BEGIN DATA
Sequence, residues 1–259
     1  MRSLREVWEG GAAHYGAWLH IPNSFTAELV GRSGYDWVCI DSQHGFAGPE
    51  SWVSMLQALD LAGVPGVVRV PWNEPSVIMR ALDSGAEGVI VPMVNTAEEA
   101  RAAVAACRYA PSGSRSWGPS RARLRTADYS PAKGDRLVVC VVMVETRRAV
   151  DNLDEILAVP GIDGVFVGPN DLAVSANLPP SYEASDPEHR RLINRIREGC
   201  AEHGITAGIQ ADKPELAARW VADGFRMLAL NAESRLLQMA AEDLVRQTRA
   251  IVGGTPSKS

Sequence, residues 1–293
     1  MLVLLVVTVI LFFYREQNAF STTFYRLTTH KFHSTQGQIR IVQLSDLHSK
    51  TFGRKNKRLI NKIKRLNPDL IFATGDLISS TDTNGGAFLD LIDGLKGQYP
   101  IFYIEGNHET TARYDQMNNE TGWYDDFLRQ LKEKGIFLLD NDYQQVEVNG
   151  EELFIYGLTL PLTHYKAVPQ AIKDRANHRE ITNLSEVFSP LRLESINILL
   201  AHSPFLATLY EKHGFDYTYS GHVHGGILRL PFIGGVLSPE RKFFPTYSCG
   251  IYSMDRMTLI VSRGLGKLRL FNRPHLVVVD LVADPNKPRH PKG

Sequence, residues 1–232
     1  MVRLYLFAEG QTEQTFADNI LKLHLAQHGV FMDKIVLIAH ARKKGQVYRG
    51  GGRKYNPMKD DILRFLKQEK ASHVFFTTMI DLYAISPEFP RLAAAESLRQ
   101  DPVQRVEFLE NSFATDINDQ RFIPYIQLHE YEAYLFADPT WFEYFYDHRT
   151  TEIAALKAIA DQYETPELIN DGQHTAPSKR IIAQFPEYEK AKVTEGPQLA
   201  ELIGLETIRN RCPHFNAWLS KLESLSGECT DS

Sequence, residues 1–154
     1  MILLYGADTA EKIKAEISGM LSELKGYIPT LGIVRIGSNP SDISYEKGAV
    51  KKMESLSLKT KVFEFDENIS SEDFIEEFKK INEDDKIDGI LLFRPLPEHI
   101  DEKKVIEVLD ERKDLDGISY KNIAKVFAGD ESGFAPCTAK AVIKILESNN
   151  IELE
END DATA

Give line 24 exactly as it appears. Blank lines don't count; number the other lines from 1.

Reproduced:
   101  DEKKVIEVLD ERKDLDGISY KNIAKVFAGD ESGFAPCTAK AVIKILESNN